As the need for strong internet options on the road grows, so are the options. With your mobile plan, consider adding a cellular router with a modem for your advanced needs like video conferencing, gaming and more. RVLove.com recommends a cellular router for great connectivity while living in an RV. Of course, you’ll need a suitable mobile plan to support your needs.
Nomad Internet takes away the need for mobile hotspotting with one carrier by providing cellular internet from available carriers. For traveling nomads, this can be a great option for RV internet service. With a starting price of $149/mo. after a $99 one-time membership fee, you can enjoy unlimited data from the largest rural internet provider currently.
Why we like cellular options
Availability: Nomad can keep you connected almost anywhere by accessing service from many major providers
Things to consider
Price: Can be expensive
If you plan to make an RV your new home, you may want to consider setting up a satellite internet connection. This is definitely a more permanent solution, though, and would be best if you plan to park your RV in one place for a long time — not if you’re driving around regularly.
Unlike cellular data that relies on nearby cellphone towers, it’s a great connection type for hard-to-reach areas since your signal comes from satellites above.
Starlink offers a pay-as-you-go plan for travelers for $135/mo. It’s easy to pause service for when you back home, too. Everything is provided to you to easily set up your RV service, you just need a clear view of the sky. Starlink isn’t configured yet to be mobile, however, so you must be in a stopped and fixed position to access the service. Check out your availability here.
Viasat and HughesNet
Two major satellite providers in the U.S. are Viasat and HughesNet. Both providers are available in every state. Viasat and HughesNet both offer data plans that won’t cut you off after you reach your limit but will sometimes throttle your speeds.
Why we like satellite
Availability: HughesNet and Viasat are available anywhere; Starlink is growing
Data: Starlink has unlimited data; HughesNet and Viasat won’t cut off your service for going over your cap, but may throttle speeds a bit.
Things to consider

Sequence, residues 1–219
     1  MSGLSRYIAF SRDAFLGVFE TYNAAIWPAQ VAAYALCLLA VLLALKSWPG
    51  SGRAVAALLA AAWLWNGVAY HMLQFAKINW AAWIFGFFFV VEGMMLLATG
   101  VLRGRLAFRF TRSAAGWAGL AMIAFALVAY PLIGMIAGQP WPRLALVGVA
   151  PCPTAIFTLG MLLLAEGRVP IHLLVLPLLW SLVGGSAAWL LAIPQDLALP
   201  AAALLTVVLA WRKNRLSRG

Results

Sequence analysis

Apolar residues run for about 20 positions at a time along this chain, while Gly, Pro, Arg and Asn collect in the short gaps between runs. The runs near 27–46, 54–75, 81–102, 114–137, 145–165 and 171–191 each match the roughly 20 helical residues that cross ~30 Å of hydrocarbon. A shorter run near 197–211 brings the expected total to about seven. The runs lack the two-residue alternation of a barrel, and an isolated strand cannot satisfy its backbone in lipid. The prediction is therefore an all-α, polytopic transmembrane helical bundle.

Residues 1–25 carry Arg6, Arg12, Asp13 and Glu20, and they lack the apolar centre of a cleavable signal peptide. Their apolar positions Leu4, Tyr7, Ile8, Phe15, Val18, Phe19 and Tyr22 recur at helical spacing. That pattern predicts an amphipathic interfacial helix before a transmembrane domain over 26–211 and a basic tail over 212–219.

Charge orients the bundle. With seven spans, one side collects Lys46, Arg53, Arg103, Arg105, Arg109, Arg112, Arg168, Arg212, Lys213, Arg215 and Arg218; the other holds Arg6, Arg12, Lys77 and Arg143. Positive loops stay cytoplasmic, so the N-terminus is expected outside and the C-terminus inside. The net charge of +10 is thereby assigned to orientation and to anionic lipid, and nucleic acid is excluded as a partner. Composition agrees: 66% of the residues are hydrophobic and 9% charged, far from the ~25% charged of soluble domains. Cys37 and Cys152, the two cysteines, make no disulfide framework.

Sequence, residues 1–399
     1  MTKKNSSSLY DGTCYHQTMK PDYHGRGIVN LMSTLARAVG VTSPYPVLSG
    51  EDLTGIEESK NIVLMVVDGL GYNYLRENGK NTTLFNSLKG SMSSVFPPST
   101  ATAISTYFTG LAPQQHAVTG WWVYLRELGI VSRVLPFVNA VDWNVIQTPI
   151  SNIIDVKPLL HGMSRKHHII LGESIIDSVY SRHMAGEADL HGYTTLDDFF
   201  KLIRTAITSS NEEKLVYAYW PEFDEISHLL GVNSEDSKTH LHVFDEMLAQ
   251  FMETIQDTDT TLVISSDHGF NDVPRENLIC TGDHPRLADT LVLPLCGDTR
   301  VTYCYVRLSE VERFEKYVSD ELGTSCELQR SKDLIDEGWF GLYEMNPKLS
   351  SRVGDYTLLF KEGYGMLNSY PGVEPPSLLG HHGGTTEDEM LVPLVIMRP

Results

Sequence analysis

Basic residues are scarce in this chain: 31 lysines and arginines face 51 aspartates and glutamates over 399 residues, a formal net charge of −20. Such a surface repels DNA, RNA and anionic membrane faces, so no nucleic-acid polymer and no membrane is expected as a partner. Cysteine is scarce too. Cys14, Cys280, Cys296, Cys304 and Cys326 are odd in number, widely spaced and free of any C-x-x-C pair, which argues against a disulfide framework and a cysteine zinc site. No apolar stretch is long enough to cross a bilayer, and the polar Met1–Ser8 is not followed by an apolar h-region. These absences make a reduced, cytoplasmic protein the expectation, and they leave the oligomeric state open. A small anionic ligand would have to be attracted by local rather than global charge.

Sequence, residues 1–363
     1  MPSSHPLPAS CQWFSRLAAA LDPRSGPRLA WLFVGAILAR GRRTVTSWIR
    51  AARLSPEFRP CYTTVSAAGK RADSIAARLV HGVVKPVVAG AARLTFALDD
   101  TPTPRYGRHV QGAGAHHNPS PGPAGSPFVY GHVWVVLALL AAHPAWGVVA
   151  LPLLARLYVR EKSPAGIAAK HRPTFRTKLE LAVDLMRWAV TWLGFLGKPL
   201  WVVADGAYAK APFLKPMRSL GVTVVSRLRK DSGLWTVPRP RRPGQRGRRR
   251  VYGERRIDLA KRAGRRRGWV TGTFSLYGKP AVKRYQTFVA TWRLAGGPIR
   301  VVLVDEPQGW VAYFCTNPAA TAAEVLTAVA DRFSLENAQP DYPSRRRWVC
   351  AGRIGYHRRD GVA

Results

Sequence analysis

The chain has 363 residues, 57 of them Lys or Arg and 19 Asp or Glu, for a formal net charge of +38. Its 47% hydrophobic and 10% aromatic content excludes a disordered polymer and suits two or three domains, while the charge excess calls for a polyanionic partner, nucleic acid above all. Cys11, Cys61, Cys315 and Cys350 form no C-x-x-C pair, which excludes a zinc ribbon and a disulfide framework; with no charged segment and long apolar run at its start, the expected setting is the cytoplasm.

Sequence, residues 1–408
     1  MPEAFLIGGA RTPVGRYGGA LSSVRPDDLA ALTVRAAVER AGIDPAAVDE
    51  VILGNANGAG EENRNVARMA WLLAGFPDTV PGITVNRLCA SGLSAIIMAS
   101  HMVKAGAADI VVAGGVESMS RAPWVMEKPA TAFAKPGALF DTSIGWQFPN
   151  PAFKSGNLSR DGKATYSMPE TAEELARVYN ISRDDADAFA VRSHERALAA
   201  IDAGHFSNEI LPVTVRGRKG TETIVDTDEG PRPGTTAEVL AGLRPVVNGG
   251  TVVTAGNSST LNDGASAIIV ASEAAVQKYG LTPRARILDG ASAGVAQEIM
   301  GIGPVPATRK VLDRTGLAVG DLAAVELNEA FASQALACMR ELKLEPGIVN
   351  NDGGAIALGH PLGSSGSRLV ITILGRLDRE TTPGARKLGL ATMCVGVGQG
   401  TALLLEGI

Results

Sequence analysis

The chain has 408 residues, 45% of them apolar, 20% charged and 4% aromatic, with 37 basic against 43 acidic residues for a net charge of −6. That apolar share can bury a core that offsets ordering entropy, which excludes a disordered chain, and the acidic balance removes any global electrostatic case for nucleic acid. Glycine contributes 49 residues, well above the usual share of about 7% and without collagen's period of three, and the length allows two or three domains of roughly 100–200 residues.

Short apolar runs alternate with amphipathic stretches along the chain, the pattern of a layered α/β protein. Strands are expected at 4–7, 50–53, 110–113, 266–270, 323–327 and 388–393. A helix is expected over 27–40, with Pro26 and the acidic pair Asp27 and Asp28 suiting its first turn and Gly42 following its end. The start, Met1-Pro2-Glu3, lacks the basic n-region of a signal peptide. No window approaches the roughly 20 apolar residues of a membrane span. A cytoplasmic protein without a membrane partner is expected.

Fixed space required: You must be in a stopped position to access the satellites, so surfing or streaming isn’t available while you are moving
Contracts: HughesNet and Viasat require a 2-year agreement; Starlink has a pay-as-you-go feature for travelers
What’s the easiest option for RV internet?
When leading the nomadic lifestyle, using your cellphone to connect online is the easiest option, but be wary of the possible charges and, of course, service from your carrier needs to be in the area you are traveling.
Do some preplanning before you turn on your cellphone’s mobile hotspot and connect your laptop or tablet when away from home. Remember, most major cell companies have an add-on mobile hotspot plan, some as low as $5/mo., so it is worth looking into if you’re going to be on the road more than in your home office.
While going off the grid and disconnecting feels good, sometimes you may want to chat with friends and family or post to Instagram while on the road. Consider these options for staying connected while traveling in an RV during your next outing!
RV Wi-Fi FAQs
RV internet can be one service or a combination of them, including satellite, mobile hotspot or free public or paid Wi-Fi.
The cost for your RV internet will depend on a variety of factors including which service you use, your location and whether or not you’ll need a Wi-Fi extender or a cell booster. In some cases, you may be able to take advantage of free internet through free public hotspots.
The best internet for RV life depends on what you need internet for and what your RV lifestyle is like. Many people use a combination or internet options to ensure they are connected no matter where their RV takes them.